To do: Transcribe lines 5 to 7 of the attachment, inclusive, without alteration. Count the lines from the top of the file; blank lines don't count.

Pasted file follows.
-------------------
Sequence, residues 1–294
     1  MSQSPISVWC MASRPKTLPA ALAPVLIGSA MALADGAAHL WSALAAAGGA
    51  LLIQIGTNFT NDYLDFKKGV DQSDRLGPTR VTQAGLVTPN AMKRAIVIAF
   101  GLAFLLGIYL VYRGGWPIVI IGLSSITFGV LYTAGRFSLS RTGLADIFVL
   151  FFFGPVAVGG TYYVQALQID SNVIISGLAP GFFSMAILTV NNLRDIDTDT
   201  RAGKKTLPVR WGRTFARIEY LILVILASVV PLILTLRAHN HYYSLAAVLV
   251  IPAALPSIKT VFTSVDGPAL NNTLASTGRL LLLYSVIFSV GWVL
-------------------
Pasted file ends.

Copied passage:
   151  FFFGPVAVGG TYYVQALQID SNVIISGLAP GFFSMAILTV NNLRDIDTDT
   201  RAGKKTLPVR WGRTFARIEY LILVILASVV PLILTLRAHN HYYSLAAVLV
   251  IPAALPSIKT VFTSVDGPAL NNTLASTGRL LLLYSVIFSV GWVL